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Int J Health Geogr. 2011 Jan 13;10:6. doi: 10.1186/1476-072X-10-6.

Cancer mortality inequalities in urban areas: a Bayesian small area analysis in Spanish cities.

Author information

1
Servei de Sistemes d'Informació Sanitaria, Agència de Salut Pública de Barcelona, Barcelona, Spain. rpuigpi@aspb.cat

Erratum in

  • Int J Health Geogr. 2011;10:27.

Abstract

BACKGROUND:

Intra-urban inequalities in mortality have been infrequently analysed in European contexts. The aim of the present study was to analyse patterns of cancer mortality and their relationship with socioeconomic deprivation in small areas in 11 Spanish cities.

METHODS:

It is a cross-sectional ecological design using mortality data (years 1996-2003). Units of analysis were the census tracts. A deprivation index was calculated for each census tract. In order to control the variability in estimating the risk of dying we used Bayesian models. We present the RR of the census tract with the highest deprivation vs. the census tract with the lowest deprivation.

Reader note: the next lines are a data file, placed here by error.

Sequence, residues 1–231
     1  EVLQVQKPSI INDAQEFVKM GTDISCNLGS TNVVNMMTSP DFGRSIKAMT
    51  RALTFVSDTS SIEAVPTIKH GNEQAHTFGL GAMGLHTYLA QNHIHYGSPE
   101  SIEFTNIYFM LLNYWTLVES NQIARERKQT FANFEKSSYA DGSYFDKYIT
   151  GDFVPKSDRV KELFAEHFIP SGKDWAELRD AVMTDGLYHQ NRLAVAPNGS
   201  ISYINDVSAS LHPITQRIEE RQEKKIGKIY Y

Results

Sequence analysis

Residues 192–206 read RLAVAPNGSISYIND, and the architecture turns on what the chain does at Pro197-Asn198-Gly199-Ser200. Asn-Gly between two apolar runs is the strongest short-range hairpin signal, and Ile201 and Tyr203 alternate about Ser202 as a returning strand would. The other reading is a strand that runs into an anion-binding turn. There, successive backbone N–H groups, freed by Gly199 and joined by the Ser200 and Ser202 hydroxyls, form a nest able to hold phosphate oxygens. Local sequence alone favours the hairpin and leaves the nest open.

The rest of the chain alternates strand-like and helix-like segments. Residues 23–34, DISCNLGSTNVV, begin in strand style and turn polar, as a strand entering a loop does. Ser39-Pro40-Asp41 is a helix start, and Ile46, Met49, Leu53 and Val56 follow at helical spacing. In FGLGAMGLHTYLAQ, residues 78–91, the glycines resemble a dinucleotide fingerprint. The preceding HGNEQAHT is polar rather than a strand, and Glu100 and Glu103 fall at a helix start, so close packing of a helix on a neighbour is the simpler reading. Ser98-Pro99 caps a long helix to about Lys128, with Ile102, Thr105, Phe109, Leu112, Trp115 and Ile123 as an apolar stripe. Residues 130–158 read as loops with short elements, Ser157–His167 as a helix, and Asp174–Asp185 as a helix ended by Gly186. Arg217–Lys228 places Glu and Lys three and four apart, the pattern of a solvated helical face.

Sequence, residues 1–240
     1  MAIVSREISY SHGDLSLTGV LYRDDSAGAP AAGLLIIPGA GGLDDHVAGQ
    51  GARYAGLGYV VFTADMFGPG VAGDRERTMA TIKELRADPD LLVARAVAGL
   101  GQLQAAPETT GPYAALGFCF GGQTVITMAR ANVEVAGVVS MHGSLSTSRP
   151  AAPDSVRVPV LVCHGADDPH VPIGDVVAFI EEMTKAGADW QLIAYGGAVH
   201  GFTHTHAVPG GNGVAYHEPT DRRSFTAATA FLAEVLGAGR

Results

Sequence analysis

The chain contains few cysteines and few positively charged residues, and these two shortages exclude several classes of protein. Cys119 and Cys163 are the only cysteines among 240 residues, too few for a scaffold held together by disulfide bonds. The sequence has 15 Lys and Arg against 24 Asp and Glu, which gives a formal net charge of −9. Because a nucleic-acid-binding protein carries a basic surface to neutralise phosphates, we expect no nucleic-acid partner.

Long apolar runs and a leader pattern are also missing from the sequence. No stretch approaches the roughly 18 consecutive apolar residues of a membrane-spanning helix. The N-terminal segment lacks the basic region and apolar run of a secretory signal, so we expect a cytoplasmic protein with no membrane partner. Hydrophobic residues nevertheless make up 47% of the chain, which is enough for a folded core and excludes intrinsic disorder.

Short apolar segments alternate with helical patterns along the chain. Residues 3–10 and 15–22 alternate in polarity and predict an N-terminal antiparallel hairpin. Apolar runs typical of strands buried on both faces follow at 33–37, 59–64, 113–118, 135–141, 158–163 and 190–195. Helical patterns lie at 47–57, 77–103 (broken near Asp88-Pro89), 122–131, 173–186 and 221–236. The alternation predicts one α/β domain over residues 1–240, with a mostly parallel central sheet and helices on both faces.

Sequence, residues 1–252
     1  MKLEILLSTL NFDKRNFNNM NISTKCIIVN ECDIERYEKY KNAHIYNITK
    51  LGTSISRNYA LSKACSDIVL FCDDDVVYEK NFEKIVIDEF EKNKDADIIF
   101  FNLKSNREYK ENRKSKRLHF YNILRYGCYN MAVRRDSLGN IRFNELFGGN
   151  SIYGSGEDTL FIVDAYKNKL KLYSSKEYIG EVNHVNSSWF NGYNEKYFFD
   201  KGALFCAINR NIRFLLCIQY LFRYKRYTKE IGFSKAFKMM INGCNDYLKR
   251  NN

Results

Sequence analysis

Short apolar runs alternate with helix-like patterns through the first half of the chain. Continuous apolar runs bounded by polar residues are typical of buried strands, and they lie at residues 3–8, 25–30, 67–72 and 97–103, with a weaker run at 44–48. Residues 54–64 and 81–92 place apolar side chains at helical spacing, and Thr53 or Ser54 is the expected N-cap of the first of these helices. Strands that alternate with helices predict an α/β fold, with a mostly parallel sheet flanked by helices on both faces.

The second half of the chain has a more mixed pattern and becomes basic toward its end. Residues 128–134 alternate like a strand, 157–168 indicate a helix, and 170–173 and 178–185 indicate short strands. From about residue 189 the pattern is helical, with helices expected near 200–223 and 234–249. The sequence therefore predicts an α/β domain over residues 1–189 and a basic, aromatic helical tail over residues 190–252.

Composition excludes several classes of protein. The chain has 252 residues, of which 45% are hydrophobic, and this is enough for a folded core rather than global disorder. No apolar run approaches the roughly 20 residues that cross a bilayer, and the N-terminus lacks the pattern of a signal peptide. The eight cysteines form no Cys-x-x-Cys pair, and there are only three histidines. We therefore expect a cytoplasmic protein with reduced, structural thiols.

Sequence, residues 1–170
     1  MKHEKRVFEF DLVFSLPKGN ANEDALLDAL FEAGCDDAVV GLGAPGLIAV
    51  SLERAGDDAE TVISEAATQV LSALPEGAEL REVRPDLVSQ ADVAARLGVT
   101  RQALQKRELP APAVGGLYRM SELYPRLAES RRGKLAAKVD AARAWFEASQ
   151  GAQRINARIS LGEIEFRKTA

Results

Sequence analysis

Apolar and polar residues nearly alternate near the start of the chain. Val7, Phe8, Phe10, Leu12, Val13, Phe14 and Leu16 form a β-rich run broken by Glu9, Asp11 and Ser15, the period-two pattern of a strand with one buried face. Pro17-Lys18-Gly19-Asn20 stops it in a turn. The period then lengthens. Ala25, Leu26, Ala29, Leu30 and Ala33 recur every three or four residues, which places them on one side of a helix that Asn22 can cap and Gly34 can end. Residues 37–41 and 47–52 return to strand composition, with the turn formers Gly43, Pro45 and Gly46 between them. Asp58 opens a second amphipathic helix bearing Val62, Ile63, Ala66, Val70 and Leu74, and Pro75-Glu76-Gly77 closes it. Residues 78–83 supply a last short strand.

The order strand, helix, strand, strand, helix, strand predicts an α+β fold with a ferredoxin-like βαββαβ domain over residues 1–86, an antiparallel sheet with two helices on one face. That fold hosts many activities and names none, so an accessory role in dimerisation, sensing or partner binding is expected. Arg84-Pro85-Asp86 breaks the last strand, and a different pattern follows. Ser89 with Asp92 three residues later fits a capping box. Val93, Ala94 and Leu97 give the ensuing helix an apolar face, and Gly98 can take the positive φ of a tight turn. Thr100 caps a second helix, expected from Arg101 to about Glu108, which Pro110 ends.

RESULTS:

In the case of men, socioeconomic inequalities are observed in total cancer mortality in all cities, except in Castellon, Cordoba and Vigo, while Barcelona (RR = 1.53 95%CI 1.42-1.67), Madrid (RR = 1.57 95%CI 1.49-1.65) and Seville (RR = 1.53 95%CI 1.36-1.74) present the greatest inequalities. In general Barcelona and Madrid, present inequalities for most types of cancer. Among women for total cancer mortality, inequalities have only been found in Barcelona and Zaragoza. The excess number of cancer deaths due to socioeconomic deprivation was 16,413 for men and 1,142 for women.

CONCLUSION:

This study has analysed inequalities in cancer mortality in small areas of cities in Spain, not only relating this mortality with socioeconomic deprivation, but also calculating the excess mortality which may be attributed to such deprivation. This knowledge is particularly useful to determine which geographical areas in each city need intersectorial policies in order to promote a healthy environment.

PMID:
21232096
PMCID:
PMC3033786
DOI:
10.1186/1476-072X-10-6
[Indexed for MEDLINE]
Free PMC Article

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